Pizzas and calzones grilled on a pizza stone should have a crisp, flavorful, golden brown crust. We have found success with both homemade and store-bought dough. We encourage you try different kinds of dough until your find your favorite.
Many store-bought pizza dough products are quite tasty, convenient to use and moderately priced. Most grocery stores offer fresh or frozen dough balls, often found in the produce or deli sections. Pre-made packaged pizza crusts, like the Boboli Thin Crust round, turned out well during our testing. Be cautious of any dough that is quite thin, like the Pillsbury refrigerated tube crusts. While they may work well in a 425° oven, they could not withstand the high heat of the grill and during our tests, burned before the toppings were heated through and the cheese melted.
Homemade pizza dough should be flavorful with a smooth, firm texture. Any additional ingredients that you add to the basic yeast, flour, and water mixture, such as salt, sugar or honey, and olive oil, will go a long way in adding flavor to what could otherwise be a very bland pizza crust. It’s very easy to make your own dough. You can make it in advance, and refrigerate or freeze it until you’re ready to use it. I often use my bread machine to make a quick pizza dough. It is ready in less than an hour, and I can start preparing pizzas and calzones right away. I always make a 2 lb pizza dough recipe, and freeze any unused dough. It’s easy to defrost pizza dough for a quick, delicious grilled pizza or calzone!
My favorite dough recipe can be used for handmade dough or for the bread machine. Follow your manufacturer’s directions for the correct order of ingredients.
Roll out dough in advance
Rolling out fresh dough in advance is a great way to save time when planning for a party or a large family meal.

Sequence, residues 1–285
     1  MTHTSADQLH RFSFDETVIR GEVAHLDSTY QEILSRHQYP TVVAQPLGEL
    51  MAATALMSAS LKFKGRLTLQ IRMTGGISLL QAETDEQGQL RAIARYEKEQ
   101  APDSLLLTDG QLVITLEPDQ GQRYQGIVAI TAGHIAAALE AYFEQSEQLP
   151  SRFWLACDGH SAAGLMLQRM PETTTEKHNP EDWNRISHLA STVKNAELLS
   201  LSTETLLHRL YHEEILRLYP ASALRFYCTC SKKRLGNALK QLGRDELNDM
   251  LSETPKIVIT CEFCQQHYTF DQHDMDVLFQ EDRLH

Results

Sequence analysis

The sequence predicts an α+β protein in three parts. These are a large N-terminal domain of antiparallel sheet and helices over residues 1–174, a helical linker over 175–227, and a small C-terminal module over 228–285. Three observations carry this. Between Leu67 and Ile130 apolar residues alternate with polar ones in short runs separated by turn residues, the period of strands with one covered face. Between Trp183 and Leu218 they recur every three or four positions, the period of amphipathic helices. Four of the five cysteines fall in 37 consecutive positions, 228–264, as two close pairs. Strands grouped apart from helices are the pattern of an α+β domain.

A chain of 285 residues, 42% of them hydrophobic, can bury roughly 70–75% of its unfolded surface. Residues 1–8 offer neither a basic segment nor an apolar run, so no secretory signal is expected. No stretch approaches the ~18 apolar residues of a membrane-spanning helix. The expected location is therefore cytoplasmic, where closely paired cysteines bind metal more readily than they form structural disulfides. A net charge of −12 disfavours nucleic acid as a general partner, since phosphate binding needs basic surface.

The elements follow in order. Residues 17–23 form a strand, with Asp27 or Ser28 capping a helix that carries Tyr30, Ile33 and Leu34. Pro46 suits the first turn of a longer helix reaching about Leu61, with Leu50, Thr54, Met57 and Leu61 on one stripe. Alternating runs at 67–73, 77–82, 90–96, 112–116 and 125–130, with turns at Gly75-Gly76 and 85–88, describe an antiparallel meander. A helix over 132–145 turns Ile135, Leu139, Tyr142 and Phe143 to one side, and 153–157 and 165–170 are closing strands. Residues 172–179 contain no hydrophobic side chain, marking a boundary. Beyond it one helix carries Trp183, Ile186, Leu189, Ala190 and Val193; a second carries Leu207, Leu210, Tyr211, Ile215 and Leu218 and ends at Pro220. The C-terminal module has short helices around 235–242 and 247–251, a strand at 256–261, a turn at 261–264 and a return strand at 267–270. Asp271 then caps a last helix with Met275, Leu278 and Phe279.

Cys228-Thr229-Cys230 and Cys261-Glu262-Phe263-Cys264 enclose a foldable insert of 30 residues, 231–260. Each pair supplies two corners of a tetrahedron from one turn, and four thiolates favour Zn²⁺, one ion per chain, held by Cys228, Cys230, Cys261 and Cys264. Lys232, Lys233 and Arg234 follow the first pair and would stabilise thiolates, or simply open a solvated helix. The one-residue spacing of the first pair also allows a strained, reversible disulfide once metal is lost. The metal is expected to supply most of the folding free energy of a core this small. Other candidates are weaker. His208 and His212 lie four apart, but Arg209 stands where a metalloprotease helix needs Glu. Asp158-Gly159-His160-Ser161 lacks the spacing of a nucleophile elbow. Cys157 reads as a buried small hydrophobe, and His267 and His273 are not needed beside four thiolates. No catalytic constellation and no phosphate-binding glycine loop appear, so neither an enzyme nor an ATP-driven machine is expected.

I have tried different methods, and stumbled through some ‘sticky’ situations. These two techniques have worked well for me. If anyone has used a different method with success, please tell us about it in comments.
Sprinkle some flour on a clean, dry surface (like a kitchen countertop). Use your hands to flatten and shape the dough until you have a 6 inch disc. Pick up the disc and gently use your fingers to stretch and pull the dough into a thinner, larger disc. Try to avoid poking your fingers through it. Finish by rolling the dough out with a lightly floured rolling pin to about ¼” thickness. Take this opportunity to fix any holes or thin spots in the dough.
Take a baking sheet or plastic serving tray, and cover its entire surface with a piece with plastic wrap. Sprinkle a little flour on it, lay out the first rolled pizza dough, and sprinkle a little flour on top. Begin a second layer, starting with a large piece of plastic wrap. The plastic wrap should overlap all edges to provide a seal to prevent the dough from drying out in the refrigerator. Add a sprinkle of flour, and the rolled pizza dough. Continue to stack your layers – plastic wrap, flour, dough, flour. Cover the topmost pizza dough with plastic wrap and put the tray into the refrigerator until 15 minutes before use. If the dough has risen while in the fridge, roll out to the ¼” thickness as you construct each finished pizza.
I have also tried using the plastic wrap method using spray olive oil instead of flour. Just a little bit kept the dough from sticking, and provided some moisture to help prevent the dough from drying out in the refrigerator.